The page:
Stronger Currencies Hurt
Due to Donald Trump’s continuous criticism of Chinese trade strategy, Asian officials aren’t going to restrain their currencies much. They say Trump’s comments changed the behavior in the whole foreign exchange markets. Joachim Fels (global economic advisor at bond fund PIMCO) stated: "U.S. President Donald Trump carries the bigger stick: the threat of protectionism. And so Europe and Japan have acquiesced; neither has stemmed their currencies' appreciation with words or actions."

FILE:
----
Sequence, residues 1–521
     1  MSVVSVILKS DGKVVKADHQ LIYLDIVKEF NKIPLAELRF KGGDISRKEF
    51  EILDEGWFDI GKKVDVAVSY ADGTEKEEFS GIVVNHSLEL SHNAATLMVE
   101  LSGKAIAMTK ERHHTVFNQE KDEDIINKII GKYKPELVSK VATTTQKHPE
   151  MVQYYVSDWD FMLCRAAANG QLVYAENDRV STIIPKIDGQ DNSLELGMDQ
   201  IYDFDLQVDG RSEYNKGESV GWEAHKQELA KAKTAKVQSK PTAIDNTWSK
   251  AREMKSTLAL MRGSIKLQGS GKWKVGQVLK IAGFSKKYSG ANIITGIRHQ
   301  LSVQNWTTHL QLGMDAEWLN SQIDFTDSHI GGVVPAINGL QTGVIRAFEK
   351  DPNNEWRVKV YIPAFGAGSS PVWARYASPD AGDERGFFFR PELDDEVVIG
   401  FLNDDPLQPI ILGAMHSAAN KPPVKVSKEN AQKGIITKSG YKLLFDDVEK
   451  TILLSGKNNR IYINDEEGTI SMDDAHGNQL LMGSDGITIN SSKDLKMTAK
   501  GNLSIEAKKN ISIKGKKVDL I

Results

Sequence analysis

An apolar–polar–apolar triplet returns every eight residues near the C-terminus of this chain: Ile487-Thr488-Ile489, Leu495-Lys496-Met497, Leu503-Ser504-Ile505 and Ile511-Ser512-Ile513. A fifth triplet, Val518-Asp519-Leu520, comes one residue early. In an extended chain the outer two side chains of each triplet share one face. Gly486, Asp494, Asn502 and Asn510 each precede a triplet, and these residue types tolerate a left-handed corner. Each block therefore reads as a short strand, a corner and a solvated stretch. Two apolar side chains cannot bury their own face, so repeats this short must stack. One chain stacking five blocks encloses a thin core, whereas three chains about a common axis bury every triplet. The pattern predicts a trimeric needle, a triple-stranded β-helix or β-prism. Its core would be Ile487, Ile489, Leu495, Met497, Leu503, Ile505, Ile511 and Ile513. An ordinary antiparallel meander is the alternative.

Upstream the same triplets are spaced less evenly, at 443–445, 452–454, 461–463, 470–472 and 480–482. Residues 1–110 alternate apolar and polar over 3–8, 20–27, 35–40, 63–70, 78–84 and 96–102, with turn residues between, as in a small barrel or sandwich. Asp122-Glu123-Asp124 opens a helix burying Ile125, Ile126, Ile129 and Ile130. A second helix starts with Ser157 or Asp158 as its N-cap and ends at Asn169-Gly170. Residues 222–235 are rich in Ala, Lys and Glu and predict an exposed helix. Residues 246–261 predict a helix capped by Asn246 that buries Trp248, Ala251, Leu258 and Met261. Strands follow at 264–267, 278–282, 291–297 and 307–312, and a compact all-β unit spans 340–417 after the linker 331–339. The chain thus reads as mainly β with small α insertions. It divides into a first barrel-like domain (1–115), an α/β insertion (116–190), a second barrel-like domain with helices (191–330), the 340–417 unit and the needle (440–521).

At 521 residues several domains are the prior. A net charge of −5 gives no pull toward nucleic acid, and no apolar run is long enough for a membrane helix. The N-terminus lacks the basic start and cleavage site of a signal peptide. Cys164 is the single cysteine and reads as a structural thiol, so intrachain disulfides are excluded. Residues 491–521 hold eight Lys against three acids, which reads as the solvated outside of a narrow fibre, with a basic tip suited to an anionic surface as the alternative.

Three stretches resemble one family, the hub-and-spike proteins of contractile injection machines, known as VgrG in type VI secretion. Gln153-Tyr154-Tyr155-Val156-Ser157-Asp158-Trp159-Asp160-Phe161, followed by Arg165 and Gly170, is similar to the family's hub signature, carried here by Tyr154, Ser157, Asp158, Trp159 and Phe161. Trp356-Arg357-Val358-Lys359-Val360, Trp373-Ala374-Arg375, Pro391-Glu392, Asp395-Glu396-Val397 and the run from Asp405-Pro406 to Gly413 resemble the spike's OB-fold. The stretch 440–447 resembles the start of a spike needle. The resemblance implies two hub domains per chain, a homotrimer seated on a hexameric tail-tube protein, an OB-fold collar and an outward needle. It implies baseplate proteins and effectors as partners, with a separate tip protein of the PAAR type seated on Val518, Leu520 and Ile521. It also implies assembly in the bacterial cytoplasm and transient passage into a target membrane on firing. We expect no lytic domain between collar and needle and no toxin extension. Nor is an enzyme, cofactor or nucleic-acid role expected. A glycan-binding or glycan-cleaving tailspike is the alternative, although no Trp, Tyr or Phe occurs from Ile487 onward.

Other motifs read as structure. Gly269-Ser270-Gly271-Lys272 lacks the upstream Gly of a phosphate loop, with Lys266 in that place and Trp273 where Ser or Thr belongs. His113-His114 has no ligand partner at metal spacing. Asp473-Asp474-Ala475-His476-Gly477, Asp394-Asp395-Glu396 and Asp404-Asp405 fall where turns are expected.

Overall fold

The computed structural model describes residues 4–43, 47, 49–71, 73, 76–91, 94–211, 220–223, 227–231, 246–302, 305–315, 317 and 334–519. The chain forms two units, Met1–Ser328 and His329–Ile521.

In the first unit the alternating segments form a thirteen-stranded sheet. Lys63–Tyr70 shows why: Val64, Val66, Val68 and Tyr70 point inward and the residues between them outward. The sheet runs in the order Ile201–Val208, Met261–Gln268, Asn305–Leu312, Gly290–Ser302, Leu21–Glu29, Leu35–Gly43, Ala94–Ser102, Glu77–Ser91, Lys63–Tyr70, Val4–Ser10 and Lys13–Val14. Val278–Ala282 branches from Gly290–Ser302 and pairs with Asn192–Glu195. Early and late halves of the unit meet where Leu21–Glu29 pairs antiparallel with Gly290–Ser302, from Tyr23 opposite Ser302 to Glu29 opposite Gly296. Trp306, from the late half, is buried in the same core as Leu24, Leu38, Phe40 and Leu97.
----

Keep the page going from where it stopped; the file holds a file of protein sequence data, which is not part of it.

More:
Recently, the greenback staged a streak of large drops, which in turn reduced competitiveness of many exporting nations. Representatives of the Thailand's central bank claimed they are planning to loosen restrictions so that retail investors could purchase foreign securities. Still, some Asian policymakers aren’t happy about weakened dollar and stronger Asian currencies. South Korean auto and electronics firms have said won’s increase hurt their business. The world’s second-largest memory chip maker SK Hynix, Apple (NASDAQ:AAPL) supplier LG Display and Car maker Hyundai Motor Co all suffered from the currency impact.